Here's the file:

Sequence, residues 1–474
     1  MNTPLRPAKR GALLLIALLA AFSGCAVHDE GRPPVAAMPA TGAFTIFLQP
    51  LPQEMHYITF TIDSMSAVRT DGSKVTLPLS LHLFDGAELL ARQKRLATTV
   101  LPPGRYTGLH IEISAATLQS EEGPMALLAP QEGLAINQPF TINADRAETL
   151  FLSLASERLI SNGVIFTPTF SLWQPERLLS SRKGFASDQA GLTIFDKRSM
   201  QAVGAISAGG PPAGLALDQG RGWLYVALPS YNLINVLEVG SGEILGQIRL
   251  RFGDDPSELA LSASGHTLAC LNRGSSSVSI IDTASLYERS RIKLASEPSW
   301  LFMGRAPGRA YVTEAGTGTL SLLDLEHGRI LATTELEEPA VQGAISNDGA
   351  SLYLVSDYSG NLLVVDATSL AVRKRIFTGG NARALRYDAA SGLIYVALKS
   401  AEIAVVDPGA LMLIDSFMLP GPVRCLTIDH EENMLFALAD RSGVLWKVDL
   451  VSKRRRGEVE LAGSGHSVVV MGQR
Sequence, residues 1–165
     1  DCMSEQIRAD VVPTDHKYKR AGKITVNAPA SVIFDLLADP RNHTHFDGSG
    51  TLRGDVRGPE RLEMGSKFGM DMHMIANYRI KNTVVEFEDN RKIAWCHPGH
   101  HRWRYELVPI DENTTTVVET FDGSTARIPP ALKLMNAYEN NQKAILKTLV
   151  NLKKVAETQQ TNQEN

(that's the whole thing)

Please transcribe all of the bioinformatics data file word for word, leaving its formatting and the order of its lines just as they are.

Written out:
Sequence, residues 1–474
     1  MNTPLRPAKR GALLLIALLA AFSGCAVHDE GRPPVAAMPA TGAFTIFLQP
    51  LPQEMHYITF TIDSMSAVRT DGSKVTLPLS LHLFDGAELL ARQKRLATTV
   101  LPPGRYTGLH IEISAATLQS EEGPMALLAP QEGLAINQPF TINADRAETL
   151  FLSLASERLI SNGVIFTPTF SLWQPERLLS SRKGFASDQA GLTIFDKRSM
   201  QAVGAISAGG PPAGLALDQG RGWLYVALPS YNLINVLEVG SGEILGQIRL
   251  RFGDDPSELA LSASGHTLAC LNRGSSSVSI IDTASLYERS RIKLASEPSW
   301  LFMGRAPGRA YVTEAGTGTL SLLDLEHGRI LATTELEEPA VQGAISNDGA
   351  SLYLVSDYSG NLLVVDATSL AVRKRIFTGG NARALRYDAA SGLIYVALKS
   401  AEIAVVDPGA LMLIDSFMLP GPVRCLTIDH EENMLFALAD RSGVLWKVDL
   451  VSKRRRGEVE LAGSGHSVVV MGQR
Sequence, residues 1–165
     1  DCMSEQIRAD VVPTDHKYKR AGKITVNAPA SVIFDLLADP RNHTHFDGSG
    51  TLRGDVRGPE RLEMGSKFGM DMHMIANYRI KNTVVEFEDN RKIAWCHPGH
   101  HRWRYELVPI DENTTTVVET FDGSTARIPP ALKLMNAYEN NQKAILKTLV
   151  NLKKVAETQQ TNQEN